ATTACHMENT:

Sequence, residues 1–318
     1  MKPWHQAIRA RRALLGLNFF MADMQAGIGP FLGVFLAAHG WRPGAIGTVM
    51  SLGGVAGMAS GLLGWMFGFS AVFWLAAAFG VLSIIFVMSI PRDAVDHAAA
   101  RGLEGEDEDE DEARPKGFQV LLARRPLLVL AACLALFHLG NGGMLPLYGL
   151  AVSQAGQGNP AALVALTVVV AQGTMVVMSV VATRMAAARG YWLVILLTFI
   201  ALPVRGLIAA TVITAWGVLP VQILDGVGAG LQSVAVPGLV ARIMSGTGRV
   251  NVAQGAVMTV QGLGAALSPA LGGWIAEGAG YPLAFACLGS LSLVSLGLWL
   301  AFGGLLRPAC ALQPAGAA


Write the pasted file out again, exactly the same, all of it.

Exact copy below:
Sequence, residues 1–318
     1  MKPWHQAIRA RRALLGLNFF MADMQAGIGP FLGVFLAAHG WRPGAIGTVM
    51  SLGGVAGMAS GLLGWMFGFS AVFWLAAAFG VLSIIFVMSI PRDAVDHAAA
   101  RGLEGEDEDE DEARPKGFQV LLARRPLLVL AACLALFHLG NGGMLPLYGL
   151  AVSQAGQGNP AALVALTVVV AQGTMVVMSV VATRMAAARG YWLVILLTFI
   201  ALPVRGLIAA TVITAWGVLP VQILDGVGAG LQSVAVPGLV ARIMSGTGRV
   251  NVAQGAVMTV QGLGAALSPA LGGWIAEGAG YPLAFACLGS LSLVSLGLWL
   301  AFGGLLRPAC ALQPAGAA